The Bank should always know what a client’s financial position is and whether or not he/she is making progress. To this end, certain historical basic financial information and statements are required. Together with the projected cash-flow budget, the balance sheet and income statement form an integral part of your decision-making process.
By Deon van Wyk, ABSA Regional AgriBusiness Manager (email: email@example.com)
This discussion will however concentrate on the importance of the balance sheet.
The balance sheet originates from an inventory which indicates the starting point of a record or management information system. It details the physical numbers and monetary value of the farm’s assets.
The balance sheet is a summary of the assets and liabilities of the farming business at a specific point in time. The liabilities shows the own capital and the loan capital of the business, as well as the conditions on which they were obtained. The assets show how this own capital and loan capital has been used. The capital position of the business can therefore be deduced from the balance sheet.
The balance sheet indicates the financial position of the business as at a specific date and gives a static picture of the business, as things may happen after that date to change the financial status.
It is a fairly simple statement that has an important role at farm-management as well as a credit-granting level.
Characteristics of a balance sheet
• A balance sheet reflects (a) the assets, (b) the liabilities and (c) the net value (a minus b) of a business as at a specific date.
• Assets are listed in order of their convertibility to cash (liquidity), that is to say, from land (the least liquid asset) to cash (the most liquid).
• The valuation of assets should be realistic and representative of current market values.
• The information in the balance sheet is normally recorded annually at the same point in time (date).
• Profits grow the assets of a business. Similarly, the net value should increase with profit, depending on personal withdrawals and other expenses.
• Liabilities (obligations) are listed in order of their repayment terms, that is to say, from liabilities over a long period to those payable within one year.
• A balance sheet may take several forms, depending on the type of business.
In the case of a one-person business, the balance sheet reflects the own capital of the owner, whereas it indicates the own capital of the partners in the case of a partnership. In the case of a company the own capital comprises of issued share capital, reserves and retained profits.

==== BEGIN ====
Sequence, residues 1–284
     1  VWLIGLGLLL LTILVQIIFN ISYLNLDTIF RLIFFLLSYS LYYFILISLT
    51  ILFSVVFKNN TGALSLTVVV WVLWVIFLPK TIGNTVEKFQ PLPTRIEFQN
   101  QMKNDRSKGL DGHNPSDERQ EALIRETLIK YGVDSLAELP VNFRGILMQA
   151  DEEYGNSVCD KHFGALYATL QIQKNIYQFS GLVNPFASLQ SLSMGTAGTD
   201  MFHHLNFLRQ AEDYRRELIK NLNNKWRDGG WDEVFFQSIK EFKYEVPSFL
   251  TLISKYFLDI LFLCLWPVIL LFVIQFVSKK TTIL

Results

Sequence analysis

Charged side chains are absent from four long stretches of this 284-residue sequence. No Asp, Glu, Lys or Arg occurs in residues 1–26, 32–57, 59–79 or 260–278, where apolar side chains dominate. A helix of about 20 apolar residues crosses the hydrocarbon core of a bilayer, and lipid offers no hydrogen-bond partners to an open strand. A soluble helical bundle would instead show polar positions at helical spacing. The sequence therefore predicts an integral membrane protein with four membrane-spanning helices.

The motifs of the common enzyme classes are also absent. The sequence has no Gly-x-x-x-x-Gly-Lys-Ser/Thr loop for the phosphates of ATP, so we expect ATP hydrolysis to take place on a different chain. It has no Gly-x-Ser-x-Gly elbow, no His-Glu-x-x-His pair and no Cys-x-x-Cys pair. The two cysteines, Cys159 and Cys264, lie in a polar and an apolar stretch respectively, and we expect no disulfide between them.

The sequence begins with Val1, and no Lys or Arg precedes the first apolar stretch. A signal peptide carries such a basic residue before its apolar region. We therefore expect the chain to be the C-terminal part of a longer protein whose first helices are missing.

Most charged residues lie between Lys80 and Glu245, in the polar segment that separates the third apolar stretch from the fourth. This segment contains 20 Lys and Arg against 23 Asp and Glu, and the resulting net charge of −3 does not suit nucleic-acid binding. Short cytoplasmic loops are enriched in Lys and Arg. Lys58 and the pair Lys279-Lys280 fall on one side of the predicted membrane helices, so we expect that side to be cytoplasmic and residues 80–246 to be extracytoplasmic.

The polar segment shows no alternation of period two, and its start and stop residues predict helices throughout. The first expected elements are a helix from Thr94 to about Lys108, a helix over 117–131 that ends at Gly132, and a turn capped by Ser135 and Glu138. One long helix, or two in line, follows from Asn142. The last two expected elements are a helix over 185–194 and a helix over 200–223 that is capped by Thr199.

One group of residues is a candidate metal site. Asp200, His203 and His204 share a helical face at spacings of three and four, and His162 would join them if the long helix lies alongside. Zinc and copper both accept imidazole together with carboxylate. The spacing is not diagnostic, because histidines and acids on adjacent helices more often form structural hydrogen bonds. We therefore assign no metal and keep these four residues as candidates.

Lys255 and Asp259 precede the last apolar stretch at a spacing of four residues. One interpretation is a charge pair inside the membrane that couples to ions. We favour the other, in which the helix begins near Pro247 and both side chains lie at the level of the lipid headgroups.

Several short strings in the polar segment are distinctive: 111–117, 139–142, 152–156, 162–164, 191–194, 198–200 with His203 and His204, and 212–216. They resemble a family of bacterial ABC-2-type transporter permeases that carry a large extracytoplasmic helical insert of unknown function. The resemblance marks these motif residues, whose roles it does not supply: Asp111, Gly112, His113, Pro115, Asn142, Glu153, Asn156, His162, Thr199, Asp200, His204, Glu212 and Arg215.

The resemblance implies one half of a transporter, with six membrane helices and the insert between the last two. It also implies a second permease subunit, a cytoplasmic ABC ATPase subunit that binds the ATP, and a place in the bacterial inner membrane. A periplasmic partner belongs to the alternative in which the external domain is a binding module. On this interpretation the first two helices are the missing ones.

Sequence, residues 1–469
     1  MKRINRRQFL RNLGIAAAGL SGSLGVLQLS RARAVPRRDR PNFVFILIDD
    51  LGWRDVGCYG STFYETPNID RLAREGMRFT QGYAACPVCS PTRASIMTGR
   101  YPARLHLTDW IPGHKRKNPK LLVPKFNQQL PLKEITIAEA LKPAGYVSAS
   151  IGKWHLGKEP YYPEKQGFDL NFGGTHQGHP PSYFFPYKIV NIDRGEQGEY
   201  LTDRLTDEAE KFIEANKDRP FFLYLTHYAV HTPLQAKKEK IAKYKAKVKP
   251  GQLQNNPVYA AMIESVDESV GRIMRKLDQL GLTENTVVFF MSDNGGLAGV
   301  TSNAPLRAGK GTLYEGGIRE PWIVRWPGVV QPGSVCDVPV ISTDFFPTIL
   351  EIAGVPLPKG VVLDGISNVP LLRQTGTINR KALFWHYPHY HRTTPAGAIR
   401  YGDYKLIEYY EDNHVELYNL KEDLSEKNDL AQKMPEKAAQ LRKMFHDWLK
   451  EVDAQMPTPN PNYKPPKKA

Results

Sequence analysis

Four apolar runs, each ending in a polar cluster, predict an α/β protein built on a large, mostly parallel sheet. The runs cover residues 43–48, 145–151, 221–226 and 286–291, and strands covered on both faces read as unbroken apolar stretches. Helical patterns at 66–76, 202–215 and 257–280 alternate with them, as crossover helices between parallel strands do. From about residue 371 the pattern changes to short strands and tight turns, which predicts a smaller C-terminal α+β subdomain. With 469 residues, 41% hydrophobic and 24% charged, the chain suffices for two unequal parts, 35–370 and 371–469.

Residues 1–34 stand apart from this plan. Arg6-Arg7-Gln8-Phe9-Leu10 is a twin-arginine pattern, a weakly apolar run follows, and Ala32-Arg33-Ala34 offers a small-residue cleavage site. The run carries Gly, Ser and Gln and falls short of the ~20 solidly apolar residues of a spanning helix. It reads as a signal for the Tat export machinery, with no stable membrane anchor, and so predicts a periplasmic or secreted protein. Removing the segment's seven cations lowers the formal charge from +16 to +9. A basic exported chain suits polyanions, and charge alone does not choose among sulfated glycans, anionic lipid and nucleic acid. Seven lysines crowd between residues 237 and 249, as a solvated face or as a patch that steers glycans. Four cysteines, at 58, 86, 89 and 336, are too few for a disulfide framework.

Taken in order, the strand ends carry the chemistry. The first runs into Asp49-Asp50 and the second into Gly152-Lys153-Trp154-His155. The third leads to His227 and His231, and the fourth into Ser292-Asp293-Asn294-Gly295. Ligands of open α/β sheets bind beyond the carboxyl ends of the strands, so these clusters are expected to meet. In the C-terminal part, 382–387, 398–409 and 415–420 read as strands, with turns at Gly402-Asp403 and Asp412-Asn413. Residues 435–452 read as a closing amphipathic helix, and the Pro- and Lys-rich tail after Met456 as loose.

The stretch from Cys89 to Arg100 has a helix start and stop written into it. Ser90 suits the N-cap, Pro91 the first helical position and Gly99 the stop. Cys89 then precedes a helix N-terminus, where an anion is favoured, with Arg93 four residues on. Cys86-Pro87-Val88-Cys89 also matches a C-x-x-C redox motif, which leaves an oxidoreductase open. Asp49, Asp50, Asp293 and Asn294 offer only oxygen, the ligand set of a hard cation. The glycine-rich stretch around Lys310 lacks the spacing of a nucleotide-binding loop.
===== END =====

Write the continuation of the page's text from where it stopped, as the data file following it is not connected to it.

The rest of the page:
The next question is how sound is the business in the long term? How credit worthy and safe is the investment in the business?
• A balance sheet inter alia reflects the capacity of the business to service short-term financial commitments. The ratio of current assets to current liabilities indicates, inter alia, the liquidity position.
• The risk-bearing capacity of the business is reflected by it, that is to say, how seriously a specific financial loss will affect the liquidity of the business (e.g., is the client financially strong enough to survive a failed crop?).
• Essential information for estate planning is obtained from it (e.g. determination of assets).
• Year-end stocks necessary for calculating net farming income (NFI) is obtained.
• By comparing different balance sheets (the same month in previous years) with one another, trends in the assets, liabilities and net value can be discerned.
• From a financial point of view, a balance sheet is an important means of communication with the Bank.
Factors that cause wrong interpretation of a balance sheet
• Land is included in the balance sheet at its original purchase price. As land is such an important item, it should be re-evaluated every 3 years.
• Livestock is recorded at income-tax-values, which are considerably lower than current market prices.
• A balance sheet at the end of February does not always, particularly in the case of summer-crop farmers, give an accurate picture of the farmer’s actual financial position, as the crop has not yet been harvested. In addition, his/her overdraft or production loan with the cooperative may be fairly large.
• As the Revenue Service permits a 100% write off over 3 years (50% – 30% – 20%) for purchases of mechanical equipment, the values of these items are not always reflected in the balance sheet. Clients sometimes tend not to disclose the value of movable assets. Always check this against the inventory.
• Farming requisites and farm produce on hand are often not shown as current assets in the balance sheet, or they are undervalued.
The balance sheet should always balance. The difference between the assets and the liabilities is the net value (owner’s interest or own capital) of the business. It should represent a liability and is then that portion of the total assets that belongs to the owner or owner’s equity.
*First published in SA Forestry magazine, March 2019